Of the online genealogy vendors, Ancestry.com is one of the most stable. They aren’t likely to go out of business or disappear anytime soon. They keep copies of your stuff in a granite vault similar to the FamilySearch Granite Mountain Record Vault.
new FamilySearch Tree
We regularly spend time in the new FamilySearch Tree (NFS) citing sources that dispel myths in our lines. The Tree is currently optimized for adding information, not removing bad. So my current counsel and practice is to ignore the bad and add the good. There’ll be time enough for fixin’ when the system’s done. (Apologies to Schlitz.)
We won’t use a communal tree as our only online solution, but in keeping with the LOCKSS principle, we plan on using it for one.
Will there ever be one, big, happy tree to rule them all? One tree to find them, one tree to bring them all and in the brightness combine them? (Apologies to Tolkien.)
Scientific cannon is filled with universally accepted truths that were debated for years, decades, even centuries, before attaining unanimity. And this by minds more logical and careful than some of today’s communal tree contributors.
How about you? Do you think there can ever be a universally accepted communal tree?
-- The Insider
In answer to Mark's question "if I upload the GEDCOM to FamilySearch, will the data be compromised?", I offer the following as a ward Family History Consultant:ReplyDelete
The nFS tree will likely, if you have any family who were LDS, already contain much of your tree. Thus, uploading a GEDCOM will merely contribute to what is already a huge problem of duplication of data. PLEASE do not upload a GEDCOM until you have at least looked to see what is already there - and then ONLY upload names of persons not already there. for the other members of your family, add corrected (sourced) data, but please do not add extra copies of people already in the tree.
As to your question, what to use as your primary data repository, I offer the following:
nFS is not intended as a primary repository, but rather as a place to record and track temple work, and to reduce the duplication of such work. It is intended to work with people's local, desktop copies of their family information. If you go to the login page for nFS, you will find a link to a list of all the software (both Mac and PC) certified to work with nFS. For the price of one or two month's subscription to Ancestry, you can purchase one of these programs (some even have free versions). By all means, download your tree from Ancestry, but rather than uploading it to nFS willy-nilly, load it into a desktop program which can sync with nFS.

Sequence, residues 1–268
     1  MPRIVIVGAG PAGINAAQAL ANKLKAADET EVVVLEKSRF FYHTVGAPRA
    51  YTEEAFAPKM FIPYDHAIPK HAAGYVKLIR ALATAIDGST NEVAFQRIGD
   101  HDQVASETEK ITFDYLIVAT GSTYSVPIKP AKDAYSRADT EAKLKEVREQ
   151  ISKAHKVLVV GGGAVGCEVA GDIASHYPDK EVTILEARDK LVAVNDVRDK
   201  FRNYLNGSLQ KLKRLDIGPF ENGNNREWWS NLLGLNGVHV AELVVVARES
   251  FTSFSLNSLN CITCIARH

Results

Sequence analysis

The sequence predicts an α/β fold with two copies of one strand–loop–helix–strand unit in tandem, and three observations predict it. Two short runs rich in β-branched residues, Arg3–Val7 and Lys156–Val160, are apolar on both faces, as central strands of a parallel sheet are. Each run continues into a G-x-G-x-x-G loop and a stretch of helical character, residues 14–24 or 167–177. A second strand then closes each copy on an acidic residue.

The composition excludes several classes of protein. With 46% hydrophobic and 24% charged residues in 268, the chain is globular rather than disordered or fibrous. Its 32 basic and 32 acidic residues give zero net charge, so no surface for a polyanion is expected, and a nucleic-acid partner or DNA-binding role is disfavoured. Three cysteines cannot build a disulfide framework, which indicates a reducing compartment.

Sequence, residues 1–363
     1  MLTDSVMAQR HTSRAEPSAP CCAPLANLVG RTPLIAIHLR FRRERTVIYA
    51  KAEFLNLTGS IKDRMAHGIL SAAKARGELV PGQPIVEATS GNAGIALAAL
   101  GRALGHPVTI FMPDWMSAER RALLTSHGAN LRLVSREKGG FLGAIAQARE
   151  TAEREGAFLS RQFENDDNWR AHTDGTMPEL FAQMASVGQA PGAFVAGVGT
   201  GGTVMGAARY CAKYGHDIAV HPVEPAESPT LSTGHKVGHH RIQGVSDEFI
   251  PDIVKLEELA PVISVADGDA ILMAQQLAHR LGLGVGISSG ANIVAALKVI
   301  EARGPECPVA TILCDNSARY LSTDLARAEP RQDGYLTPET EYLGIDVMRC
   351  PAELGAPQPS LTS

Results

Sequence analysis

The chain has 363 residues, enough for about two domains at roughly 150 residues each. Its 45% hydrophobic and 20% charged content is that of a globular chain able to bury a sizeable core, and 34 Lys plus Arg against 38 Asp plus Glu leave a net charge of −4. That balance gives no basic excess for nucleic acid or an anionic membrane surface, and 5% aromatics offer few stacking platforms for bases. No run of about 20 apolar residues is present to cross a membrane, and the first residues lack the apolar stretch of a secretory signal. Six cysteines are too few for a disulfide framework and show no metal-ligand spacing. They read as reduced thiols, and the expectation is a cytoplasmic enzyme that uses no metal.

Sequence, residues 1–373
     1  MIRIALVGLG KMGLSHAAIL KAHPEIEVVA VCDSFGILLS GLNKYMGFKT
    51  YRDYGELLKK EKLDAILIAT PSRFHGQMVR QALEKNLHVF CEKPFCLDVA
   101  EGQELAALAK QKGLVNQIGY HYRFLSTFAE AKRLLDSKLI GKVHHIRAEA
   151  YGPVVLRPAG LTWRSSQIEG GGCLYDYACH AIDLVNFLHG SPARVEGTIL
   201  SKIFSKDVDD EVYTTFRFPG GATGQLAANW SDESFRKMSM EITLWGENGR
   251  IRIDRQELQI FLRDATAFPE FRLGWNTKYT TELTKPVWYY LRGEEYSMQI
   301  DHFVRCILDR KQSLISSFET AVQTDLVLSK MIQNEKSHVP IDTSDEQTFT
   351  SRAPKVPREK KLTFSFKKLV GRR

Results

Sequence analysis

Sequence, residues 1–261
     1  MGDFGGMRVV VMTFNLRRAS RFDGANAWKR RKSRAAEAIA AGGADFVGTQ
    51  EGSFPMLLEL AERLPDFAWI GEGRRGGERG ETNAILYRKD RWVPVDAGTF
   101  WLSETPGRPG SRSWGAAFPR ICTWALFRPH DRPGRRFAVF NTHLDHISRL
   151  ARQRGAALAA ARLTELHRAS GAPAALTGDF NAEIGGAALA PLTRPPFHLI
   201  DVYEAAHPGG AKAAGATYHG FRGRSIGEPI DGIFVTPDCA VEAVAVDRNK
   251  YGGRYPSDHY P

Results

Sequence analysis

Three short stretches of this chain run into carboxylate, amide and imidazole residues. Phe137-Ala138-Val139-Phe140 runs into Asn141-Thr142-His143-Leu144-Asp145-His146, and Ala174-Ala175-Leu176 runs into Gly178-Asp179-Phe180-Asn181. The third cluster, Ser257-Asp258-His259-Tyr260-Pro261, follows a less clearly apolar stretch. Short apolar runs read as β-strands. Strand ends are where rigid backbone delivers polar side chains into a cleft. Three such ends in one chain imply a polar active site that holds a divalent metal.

I am an avid mac user and have my 1,000 plus records in two places - the MacFamily Tree program and New Family Search. I like MacFamily Tree because it allows me to attach all the digital media to a person's name and to provide detailed info on sources. I like new FamilySearch because it does what Charles states so well-allowing for Temple Ordinance work to be recorded. With the SYNC function that the Church has created, most major genealogy programs now or will shortly allow you to easily transfer information back and forth through your Mac and nFS.ReplyDelete
I also store a back up copy of my MacFamily Tree file to my Mobile Me account for safekeeping.
My job is made easier in that I am the only member of my family that is LDS and that is actively compiling the family history on both sides of my tree. I don't have to worry about too much duplication or coordinating with a plethora of other family historians. Oh, the joy of being a first generation convert!
Whatever you do, please don't upload a GEDCOM to new Familysearch (Unless your family is not already in the database). There is already a huge problem with duplication and sometimes hundreds of records for one person! Just go in and correct what is already there, it will save frustration for people working on the same family lines.ReplyDelete